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Unlocking the Barriers to Women and Minorities in Computer Science and Information Systems Studies: Results from a Multi-Methodological Study Conducted at Two Minority Serving Institutions
ARTICLE

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Journal of Information Technology Education Volume 9, ISSN 1547-9714

Abstract

The under representation of women and minorities in undergraduate computer science and information systems programs is a pervasive and persistent problem in the United States. Needed is a better understanding of the background and psychosocial factors that attract, or repel, minority students from computing disciplines. An examination of these factors is the focus of this multi-methodological study that has been conducted over three phases with three separate populations. During phase 1, a survey was administered to students, who were non computer science or information systems majors, enrolled in computer applications courses at both a public and a private Historically Black Universities located in Maryland. The purpose was to examine whether a correlation existed between institutional type and access, education, counseling, and exposure to computing and/or information systems. Analysis of the data found that the participating students came to college with little information about computer science (CS) and information systems (IS) as fields of study. However, a significant disparity was found when institutional type was considered. According to the findings the students attending the private minority-serving institution reported greater access to technology, skill levels, and computing studies prior to entering college. In the second phase of the study, a satisfaction survey was administered, to students majoring in computer science at the public Historically Black University. The purpose was to examine the pre-college preparedness of minority students and whether differences would exist between the responses of the male and female participants. The respondents reported that they did not come to college with the adequate programming skills and/or prior training to succeed as a CS major, with females found to be less prepared than males. In the third phase of the study, a focus group was held with CS students in order to consider changes that would increase the enrollment and retention of underrepresented students. The participants suggested that the addition of bridge programs, increased scholarship opportunities, and greater academic support would increase the enrollment, success, and retention of underrepresented students in CS and IS majors. (Contains 13 tables and 2 figures.)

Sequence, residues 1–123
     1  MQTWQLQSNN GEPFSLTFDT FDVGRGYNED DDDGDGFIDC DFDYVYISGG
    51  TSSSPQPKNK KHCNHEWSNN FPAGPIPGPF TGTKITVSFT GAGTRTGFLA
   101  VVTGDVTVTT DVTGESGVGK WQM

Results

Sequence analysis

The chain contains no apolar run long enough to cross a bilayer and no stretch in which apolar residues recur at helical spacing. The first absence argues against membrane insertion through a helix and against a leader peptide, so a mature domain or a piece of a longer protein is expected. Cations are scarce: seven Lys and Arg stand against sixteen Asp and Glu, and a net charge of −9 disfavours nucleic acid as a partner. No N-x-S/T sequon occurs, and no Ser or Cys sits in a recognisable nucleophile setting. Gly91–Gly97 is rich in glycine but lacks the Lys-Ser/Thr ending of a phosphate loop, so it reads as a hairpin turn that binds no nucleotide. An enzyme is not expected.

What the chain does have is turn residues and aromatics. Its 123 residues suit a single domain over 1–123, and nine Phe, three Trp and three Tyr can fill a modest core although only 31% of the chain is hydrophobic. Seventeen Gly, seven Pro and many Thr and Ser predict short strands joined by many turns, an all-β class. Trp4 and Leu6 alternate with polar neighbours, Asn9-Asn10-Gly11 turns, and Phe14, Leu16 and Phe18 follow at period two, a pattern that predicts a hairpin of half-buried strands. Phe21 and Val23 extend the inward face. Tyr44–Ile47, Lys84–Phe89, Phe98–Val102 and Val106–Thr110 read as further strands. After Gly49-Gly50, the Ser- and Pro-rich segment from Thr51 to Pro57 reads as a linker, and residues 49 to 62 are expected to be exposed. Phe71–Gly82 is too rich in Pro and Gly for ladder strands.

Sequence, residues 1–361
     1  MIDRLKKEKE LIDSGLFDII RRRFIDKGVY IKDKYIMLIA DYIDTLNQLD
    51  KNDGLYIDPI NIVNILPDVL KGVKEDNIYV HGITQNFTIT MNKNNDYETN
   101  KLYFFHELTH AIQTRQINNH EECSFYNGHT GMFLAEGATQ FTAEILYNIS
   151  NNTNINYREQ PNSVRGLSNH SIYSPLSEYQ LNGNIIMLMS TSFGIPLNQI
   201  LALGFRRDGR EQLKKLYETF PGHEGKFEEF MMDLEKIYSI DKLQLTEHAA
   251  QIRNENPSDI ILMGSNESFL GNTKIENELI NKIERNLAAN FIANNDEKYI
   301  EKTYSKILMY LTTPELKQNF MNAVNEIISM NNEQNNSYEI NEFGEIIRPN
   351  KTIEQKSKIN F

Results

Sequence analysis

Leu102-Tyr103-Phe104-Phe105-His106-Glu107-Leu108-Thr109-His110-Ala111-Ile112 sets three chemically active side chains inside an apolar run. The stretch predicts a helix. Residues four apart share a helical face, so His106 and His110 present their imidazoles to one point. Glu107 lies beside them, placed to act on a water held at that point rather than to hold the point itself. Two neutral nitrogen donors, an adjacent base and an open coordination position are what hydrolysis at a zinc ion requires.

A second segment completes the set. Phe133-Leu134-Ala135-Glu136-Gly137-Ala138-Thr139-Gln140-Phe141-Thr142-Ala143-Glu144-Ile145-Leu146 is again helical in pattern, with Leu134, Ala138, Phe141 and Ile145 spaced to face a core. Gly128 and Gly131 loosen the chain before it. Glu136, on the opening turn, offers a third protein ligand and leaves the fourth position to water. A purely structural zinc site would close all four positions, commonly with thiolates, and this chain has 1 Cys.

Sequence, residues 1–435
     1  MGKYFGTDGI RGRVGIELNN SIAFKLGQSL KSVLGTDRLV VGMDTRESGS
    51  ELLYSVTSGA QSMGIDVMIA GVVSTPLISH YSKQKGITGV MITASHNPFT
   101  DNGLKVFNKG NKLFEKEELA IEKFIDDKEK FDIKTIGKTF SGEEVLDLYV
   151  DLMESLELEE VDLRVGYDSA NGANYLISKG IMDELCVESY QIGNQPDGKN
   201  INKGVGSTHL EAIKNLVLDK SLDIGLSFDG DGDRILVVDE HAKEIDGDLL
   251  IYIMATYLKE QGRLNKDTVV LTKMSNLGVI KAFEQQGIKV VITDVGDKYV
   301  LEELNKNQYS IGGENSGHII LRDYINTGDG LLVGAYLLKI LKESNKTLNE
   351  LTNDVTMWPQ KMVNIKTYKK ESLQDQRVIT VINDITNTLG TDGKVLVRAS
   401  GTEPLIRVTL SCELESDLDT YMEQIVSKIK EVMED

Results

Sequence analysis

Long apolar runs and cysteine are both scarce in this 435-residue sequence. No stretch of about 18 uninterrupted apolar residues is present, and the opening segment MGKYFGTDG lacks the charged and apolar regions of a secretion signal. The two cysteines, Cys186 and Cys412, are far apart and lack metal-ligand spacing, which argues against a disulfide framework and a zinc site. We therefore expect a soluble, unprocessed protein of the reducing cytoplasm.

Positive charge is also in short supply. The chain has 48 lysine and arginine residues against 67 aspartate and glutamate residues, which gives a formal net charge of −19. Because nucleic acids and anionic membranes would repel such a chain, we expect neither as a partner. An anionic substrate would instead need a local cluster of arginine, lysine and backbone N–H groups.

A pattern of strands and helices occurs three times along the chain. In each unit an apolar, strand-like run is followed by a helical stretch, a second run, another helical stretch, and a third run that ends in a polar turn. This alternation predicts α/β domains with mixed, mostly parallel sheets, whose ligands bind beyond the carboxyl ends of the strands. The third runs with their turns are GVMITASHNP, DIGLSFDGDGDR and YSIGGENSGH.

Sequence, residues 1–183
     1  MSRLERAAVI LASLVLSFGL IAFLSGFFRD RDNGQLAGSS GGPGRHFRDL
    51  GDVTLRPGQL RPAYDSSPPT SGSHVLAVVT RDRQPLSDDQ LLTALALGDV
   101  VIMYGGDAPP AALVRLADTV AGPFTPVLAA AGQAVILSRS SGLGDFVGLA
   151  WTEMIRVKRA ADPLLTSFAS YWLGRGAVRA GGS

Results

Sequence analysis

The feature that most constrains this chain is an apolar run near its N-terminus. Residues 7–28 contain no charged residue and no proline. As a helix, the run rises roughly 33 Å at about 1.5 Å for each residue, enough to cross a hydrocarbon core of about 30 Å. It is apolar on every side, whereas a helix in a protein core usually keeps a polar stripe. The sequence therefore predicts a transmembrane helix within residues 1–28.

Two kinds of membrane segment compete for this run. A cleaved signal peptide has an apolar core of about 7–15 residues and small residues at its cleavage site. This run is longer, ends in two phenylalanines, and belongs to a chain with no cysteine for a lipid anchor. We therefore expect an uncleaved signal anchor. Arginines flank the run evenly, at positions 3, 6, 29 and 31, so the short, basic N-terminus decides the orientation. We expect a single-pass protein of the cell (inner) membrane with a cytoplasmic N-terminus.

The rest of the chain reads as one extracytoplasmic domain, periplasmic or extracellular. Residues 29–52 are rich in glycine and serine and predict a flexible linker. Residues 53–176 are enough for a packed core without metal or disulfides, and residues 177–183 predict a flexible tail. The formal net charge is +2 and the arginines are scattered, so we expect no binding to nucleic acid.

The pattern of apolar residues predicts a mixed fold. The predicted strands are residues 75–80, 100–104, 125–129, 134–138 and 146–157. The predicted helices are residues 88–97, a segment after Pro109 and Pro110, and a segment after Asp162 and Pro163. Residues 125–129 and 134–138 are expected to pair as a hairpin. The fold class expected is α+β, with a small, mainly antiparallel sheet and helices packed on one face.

Citation

Buzzetto-More, N., Ukoha, O. & Rustagi, N. (2010). Unlocking the Barriers to Women and Minorities in Computer Science and Information Systems Studies: Results from a Multi-Methodological Study Conducted at Two Minority Serving Institutions. Journal of Information Technology Education, 9, 115-131. Retrieved December 6, 2019 from .

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